Mascarene Islands and Associated Oceanic Features IMMA

Size in Square Kilometres

234 052 km2

Qualifying Species and Criteria

Sperm whale – Physeter macrocephalus

Criterion A; B (2); C (1,3)

Indo-Pacific bottlenose dolphin – Tursiops aduncus

Criterion B (1)

Common bottlenose dolphin – Tursiops truncatus

Criterion B (1)

Spinner dolphin – Stenella longirostris

Criterion B (1); C (3)

Humpback whale – Megaptera novaeangliae

Criterion B (2); C (1,3)

Marine Mammal Diversity 

Criterion D (2)

Balaenoptera bonaerensis, Balaenoptera physalus, Eubalaena australis, Feresa attenuata, Globicephala macrorhynchus, Grampus griseus, Indopacetus pacificus, Kogia sima, Lagenodelphis hosei, Megaptera novaeangliae, Mesoplodon densirostris, Orcinus orca, Peponocephala electra, Physeter macrocephalus, Pseudorca crassidens, Stenella attenuata, Stenella coeruleoalba, Stenella longirostris, Steno bredanensis, Tursiops aduncus, Tursiops truncatus, Ziphius cavirostris


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This IMMA  encompasses the waters surrounding the Mascarene Islands of Reunion and Mauritius, as well as the  underwater seamount of La Perouse and the Saint-Brandon bank.  A total of 22 cetacean species are known to use the area. The inshore waters of Reunion and Mauritius sustain small resident populations of Indo-Pacific bottlenose dolphins (Tursiops aduncus) and spinner dolphins (Stenella longirostris). The western continental slope of Mauritius also represents one of the most important breeding and feeding habitats for sperm whales (Physeter macrocephalus) identified in the southwestern Indian Ocean. The population’s range extends to La Perouse seamount, Reunion and Rodrigues. Between July and October each year, the Mascarene Islands and associated oceanic features (including La Perouse Seamount and St Brandon shoal) also host calving, nursing and mating  humpback whales (Megaptera novaeangliae), which have demonstrated migratory connections with other breeding grounds and migratory routes in the southwest Indian Ocean.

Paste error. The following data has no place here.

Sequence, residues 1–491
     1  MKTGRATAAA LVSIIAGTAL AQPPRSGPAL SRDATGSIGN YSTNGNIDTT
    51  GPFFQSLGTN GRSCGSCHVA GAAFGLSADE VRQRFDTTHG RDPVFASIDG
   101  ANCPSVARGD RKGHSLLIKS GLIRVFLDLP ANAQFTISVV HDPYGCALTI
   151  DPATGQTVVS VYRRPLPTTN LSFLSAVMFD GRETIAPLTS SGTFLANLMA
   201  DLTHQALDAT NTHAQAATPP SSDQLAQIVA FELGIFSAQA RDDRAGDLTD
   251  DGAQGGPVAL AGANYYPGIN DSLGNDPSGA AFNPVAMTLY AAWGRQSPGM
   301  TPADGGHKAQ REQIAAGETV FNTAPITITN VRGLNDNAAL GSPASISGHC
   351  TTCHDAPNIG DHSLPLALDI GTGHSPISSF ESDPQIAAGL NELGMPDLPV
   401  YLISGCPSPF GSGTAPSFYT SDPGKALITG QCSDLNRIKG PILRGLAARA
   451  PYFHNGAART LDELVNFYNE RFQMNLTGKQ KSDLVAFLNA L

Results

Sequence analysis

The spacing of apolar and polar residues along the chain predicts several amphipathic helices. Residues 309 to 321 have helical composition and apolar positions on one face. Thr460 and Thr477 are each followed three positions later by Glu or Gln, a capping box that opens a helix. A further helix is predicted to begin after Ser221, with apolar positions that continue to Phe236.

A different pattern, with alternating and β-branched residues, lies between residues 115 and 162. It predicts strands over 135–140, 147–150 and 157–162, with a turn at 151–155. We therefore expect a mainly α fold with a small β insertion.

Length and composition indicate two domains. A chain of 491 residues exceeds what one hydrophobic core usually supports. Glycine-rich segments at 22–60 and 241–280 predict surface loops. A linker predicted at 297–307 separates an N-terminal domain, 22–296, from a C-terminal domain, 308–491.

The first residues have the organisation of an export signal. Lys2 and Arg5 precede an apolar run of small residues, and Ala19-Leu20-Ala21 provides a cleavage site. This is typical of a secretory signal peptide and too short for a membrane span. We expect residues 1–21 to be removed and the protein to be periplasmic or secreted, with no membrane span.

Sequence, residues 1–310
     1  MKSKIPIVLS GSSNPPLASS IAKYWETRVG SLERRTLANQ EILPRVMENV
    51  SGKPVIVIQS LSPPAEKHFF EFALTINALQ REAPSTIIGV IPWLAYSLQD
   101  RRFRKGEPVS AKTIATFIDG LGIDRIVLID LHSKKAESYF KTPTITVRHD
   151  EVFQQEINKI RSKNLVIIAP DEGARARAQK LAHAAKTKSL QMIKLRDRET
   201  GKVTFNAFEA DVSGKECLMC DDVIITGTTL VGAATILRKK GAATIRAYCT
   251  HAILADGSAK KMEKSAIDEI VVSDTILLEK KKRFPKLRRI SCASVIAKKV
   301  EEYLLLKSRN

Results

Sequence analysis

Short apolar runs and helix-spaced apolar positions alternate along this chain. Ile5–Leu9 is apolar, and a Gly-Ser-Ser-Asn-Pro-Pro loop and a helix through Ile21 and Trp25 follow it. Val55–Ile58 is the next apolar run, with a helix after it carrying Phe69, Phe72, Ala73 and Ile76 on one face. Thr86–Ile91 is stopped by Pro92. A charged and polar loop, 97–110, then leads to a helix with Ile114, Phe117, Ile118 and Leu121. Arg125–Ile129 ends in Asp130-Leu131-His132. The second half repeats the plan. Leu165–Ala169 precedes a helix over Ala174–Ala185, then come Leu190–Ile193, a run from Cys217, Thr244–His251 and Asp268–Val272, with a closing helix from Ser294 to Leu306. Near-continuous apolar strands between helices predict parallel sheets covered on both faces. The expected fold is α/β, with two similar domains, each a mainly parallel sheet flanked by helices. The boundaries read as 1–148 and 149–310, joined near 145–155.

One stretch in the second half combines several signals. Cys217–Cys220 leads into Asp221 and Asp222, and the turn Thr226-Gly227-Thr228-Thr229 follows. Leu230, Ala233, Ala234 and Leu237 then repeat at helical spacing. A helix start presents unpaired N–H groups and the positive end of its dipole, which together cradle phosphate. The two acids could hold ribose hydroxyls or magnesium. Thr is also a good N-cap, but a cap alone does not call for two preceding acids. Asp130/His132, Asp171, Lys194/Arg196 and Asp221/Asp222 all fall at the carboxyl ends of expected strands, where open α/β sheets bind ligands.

Description of Qualifying Criteria

Criterion A – Species or Population Vulnerability

The area, and more specifically the insular slope off the west and south-west coast of Mauritius, represents one of the main breeding and foraging habitat for sperm whales (Huijser et al., 2020; Webster et al., 2019), which is assessed as Vulnerable on the IUCN Red List of threatened species. This is supported by mark-recapture and tagging data, demonstrating high use of the area by females with calves and acoustic monitoring, demonstrating feeding activity. Reunion and Mauritius coastal waters also support populations of the Indo-Pacific bottlenose dolphin, which is listed as Near Threatened on the IUCN Red List. Other threatened marine mammal species occur in the area: the Antarctic Minke whale (NT IUCN status) was sighted on several occasions off Reunion (Globice, unpublished data); and the fin whale (VU) and the false killer whale (NT) have been reported on rare occasions.

Criterion B: Distribution and Abundance

Sub-criterion B1: Small and Resident Populations